Great design is about form and function, and zero waste is about re-imagining our place in relationship to materials. By working more carefully with the resources we have on hand, we can acknowledge all of the efforts taken by the planet and people to bring products we love into the world. When we place our goods into this vigilant perspective, something awakens in us. We are called to find beauty in the whole of what we can hold in our hands, to waste nothing, to respect everything, and to work to be part of the solution.

A Linen Love Story (linen + regenerative agriculture)

I am more devoted to linen than most other fabrics. I fell in love with linen for its classic look and its refined feel as a material. And when I first discovered the connection between linen and regenerative agriculture, I thought my heart would burst! My love for linen has only deepened as I delve into its place in regenerative agriculture. In my products, I experiment with linen's antimicrobial qualities, test its durability, and unearth its amazing history. As I research growing flax for linen in my region at our small plot on Kneehigh Farm, I see how linen fits perfectly at the intersection of food and fabric.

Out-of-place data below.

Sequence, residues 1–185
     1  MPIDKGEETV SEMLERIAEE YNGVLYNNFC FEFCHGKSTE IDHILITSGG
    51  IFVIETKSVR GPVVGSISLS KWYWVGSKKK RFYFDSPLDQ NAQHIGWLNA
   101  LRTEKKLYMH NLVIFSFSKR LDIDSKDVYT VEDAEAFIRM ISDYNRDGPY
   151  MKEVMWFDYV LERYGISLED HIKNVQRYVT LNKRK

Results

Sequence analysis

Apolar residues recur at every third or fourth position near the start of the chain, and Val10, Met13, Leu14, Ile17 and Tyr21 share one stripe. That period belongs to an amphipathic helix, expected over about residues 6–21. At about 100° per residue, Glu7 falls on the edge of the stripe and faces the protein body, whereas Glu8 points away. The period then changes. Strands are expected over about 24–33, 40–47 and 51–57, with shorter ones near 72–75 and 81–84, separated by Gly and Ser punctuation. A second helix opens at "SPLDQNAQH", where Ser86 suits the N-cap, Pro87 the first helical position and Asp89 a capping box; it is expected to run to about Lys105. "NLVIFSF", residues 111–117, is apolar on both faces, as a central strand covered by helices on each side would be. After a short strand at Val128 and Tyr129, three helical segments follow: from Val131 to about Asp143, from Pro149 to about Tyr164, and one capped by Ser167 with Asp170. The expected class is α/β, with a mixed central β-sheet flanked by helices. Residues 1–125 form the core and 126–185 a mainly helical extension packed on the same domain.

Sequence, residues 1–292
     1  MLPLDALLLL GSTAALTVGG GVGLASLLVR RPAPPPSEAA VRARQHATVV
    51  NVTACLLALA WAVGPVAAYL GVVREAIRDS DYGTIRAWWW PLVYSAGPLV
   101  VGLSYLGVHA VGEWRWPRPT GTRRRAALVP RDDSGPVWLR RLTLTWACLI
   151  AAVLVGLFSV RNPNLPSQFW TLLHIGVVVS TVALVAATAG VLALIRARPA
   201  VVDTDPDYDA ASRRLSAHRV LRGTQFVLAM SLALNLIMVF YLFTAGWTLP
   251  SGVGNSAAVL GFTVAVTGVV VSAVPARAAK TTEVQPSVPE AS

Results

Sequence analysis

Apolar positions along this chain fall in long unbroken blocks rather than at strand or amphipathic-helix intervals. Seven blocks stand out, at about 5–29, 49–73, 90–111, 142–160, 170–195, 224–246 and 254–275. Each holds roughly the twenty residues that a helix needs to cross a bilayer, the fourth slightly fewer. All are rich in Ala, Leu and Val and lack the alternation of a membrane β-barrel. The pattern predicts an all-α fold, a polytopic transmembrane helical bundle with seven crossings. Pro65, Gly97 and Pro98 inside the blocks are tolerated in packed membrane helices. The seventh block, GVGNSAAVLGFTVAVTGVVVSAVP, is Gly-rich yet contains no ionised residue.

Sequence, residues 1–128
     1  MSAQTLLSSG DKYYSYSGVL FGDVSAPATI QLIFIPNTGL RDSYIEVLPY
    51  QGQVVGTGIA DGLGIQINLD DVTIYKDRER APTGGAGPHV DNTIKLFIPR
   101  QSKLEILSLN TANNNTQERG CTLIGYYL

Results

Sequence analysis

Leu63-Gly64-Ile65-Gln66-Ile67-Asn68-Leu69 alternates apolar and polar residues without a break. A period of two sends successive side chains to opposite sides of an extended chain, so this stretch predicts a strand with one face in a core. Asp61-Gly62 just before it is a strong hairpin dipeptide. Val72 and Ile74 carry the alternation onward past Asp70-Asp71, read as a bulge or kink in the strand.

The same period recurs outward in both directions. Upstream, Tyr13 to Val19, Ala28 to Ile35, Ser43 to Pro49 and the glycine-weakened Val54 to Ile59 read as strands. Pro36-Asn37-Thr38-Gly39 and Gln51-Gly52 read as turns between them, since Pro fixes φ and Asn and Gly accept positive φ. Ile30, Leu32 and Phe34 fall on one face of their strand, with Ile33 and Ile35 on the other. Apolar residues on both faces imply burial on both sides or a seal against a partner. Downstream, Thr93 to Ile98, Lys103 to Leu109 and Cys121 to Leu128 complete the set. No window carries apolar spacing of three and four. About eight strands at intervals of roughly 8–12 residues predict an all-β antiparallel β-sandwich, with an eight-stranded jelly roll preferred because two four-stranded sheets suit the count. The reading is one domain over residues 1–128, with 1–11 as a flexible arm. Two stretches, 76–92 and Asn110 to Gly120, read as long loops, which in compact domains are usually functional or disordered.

Regenerative farming is a system of diversified principles, where organic, no-till farming methods, cover-cropping, and rotational grazing produce nutritionally dense foods. Regenerative systems, like those at Kneehigh and other organic farms in the area, help rebuild valuable topsoil, increase biodiversity, and improve watersheds. All of these practices combine to improve crop yields, raise soil vitality, and mitigate climate change. Fiber flax, as a bast (or plant-stem) fiber plant fits nicely into crop rotation on a diversified farm. A fiber flax crop can be sown at different times for a variety of uses. Fiber flax’s high seeding rate suppresses weeds, and once pulled for harvest, leaves a clean field for the next crop without the use of any additional herbicides. A flax crop also needs very little water to grow, which means less irrigation and stress on water resources.